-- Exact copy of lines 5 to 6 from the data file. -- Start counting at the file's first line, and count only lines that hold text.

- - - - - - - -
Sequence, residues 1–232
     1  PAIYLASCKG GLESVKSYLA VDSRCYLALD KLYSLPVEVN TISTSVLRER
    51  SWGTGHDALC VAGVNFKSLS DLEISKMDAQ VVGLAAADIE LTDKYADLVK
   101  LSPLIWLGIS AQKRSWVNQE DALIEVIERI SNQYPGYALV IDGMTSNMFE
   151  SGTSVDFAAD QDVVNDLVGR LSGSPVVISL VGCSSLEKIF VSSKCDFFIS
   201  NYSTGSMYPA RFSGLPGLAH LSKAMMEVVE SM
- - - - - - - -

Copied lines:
   151  SGTSVDFAAD QDVVNDLVGR LSGSPVVISL VGCSSLEKIF VSSKCDFFIS
   201  NYSTGSMYPA RFSGLPGLAH LSKAMMEVVE SM